Association of maternal gut microbiota taxa with maternal Ow/Ob and excessive GWG
Maternal gut microbiota taxa associated with maternal Ow/Ob and excessive GWG showed substantial overlap at the species level with BMI-associated taxa in the infant.
In prior research work, researchers evaluated the association of maternal Ow/Ob and excessive GWG with maternal gut microbiota at the time of child birth in this cohort.
It was reported that maternal Ow/Ob was associated with alpha diversity and taxonomic differences in composition, while excessive GWG was associated only with taxonomic differences.
BMI-associated infant gut microbiota and the association with maternal characteristics of pre-pregnancy Ow/Ob and excessive GWG
Researchers studied the relationship between both excessive GWG and maternal pre-pregnancy Ow/Ob and the groups of infant gut microbiota taxa selected as most predictive of childhood BMI with permutational ANOVA. Maternal Ow/Ob was associated with the qualitative differences in the selected infant gut microbiota taxa at day 30; excessive GWG was associated with quantitative differences at day 730.
The gut microbiota, especially at 2 years of age, was strongly associated with later childhood BMI. Also, BMI z-scores at the age of 2 years were not considerably higher in the child population, who later became Ow/Ob, so the development of the gut microbiota composition that predicted later BMI preceded any measurable excess weight in children.
One avenue for the prevention of obesity would be through early detection of individuals/children at high risk for the development of obesity. The findings of this study suggest that fecal microbiota during early childhood may have the potential to be part of an obesity risk prediction algorithm, which could be especially advantageous given the ease of recovering samples from diapers. Dietary or other interventions could be considered for these individuals before they start gaining weight.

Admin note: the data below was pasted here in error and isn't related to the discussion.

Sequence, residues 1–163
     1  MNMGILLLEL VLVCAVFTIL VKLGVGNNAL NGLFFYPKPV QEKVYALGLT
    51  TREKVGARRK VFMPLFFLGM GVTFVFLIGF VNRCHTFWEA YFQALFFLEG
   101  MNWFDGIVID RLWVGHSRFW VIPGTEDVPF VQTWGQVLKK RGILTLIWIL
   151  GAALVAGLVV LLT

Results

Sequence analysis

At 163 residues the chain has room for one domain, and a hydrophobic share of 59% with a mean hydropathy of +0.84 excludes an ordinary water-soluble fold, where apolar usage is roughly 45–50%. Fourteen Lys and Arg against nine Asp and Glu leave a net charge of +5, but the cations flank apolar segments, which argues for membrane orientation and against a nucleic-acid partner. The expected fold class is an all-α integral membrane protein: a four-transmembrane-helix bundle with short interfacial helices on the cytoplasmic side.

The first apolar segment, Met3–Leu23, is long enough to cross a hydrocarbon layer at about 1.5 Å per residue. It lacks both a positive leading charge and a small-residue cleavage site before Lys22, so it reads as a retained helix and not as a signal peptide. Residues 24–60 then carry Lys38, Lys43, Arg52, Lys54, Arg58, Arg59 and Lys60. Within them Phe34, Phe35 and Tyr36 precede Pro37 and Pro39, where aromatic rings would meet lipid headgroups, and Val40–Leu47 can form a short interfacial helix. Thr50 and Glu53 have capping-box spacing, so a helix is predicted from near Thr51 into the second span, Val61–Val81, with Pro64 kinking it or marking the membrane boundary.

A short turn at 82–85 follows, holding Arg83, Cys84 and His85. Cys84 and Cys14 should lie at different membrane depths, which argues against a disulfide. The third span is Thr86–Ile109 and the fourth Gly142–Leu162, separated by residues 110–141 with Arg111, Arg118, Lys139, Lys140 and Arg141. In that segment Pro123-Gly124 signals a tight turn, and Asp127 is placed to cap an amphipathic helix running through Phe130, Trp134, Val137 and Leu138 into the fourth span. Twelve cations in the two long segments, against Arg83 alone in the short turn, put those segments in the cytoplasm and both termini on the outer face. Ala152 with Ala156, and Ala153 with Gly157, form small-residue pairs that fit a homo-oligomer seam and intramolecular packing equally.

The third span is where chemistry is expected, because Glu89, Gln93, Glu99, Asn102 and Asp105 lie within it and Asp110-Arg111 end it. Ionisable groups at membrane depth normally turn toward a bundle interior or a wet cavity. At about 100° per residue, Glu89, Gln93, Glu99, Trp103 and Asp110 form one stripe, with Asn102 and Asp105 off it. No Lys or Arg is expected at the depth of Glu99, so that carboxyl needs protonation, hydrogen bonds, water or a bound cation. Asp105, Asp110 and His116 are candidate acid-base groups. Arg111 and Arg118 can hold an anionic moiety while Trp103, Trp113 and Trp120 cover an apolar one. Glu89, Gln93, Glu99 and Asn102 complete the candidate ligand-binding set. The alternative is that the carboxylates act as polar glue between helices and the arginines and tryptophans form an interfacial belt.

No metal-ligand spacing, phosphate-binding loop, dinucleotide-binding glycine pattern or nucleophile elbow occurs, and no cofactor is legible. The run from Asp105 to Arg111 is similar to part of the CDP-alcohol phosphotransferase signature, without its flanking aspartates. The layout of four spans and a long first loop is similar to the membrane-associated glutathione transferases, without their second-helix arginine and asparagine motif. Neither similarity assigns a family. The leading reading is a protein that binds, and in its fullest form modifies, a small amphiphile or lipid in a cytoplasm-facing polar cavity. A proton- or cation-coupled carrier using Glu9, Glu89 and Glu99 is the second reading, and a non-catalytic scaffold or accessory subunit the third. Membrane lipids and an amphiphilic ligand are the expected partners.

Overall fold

Both in this cohort and in many other studies, it was reported that maternal Ow/Ob and excessive GWG are the predictors of obesity in childhood. The maternal gut microbiota may contribute toward offspring risk of developing obesity through vertical transfer, as well as through in utero effects. There is strong evidence that many early infant gut taxa are transferred from mother to child. This is particularly true for certain taxa, including Bifidobacterium. Strain level similarity between mothers and infants decreases over the period, but species-level composition converges.
Overall, the findings of this study reveal a strong relationship between the infant gut microbiota at the age of 2 and the BMI at the age of 12. It also shows that the gut microbiota, a characteristic predictive of later BMI, precedes excessive weight gain. It suggests that the gut microbiota could have a potential role to help identify children at risk of developing obesity.
Researchers also found some support for the hypothesis that maternal Ow/Ob may influence some of the infant gut microbiota taxa that are associated with later BMI.
Further research studies especially focusing on the specific group of bacteria may also lead to greater explanation and clear understanding of the etiology of obesity. Additional research work would be required to extend these findings to other populations and to explore how the patterns may vary with early-life exposures.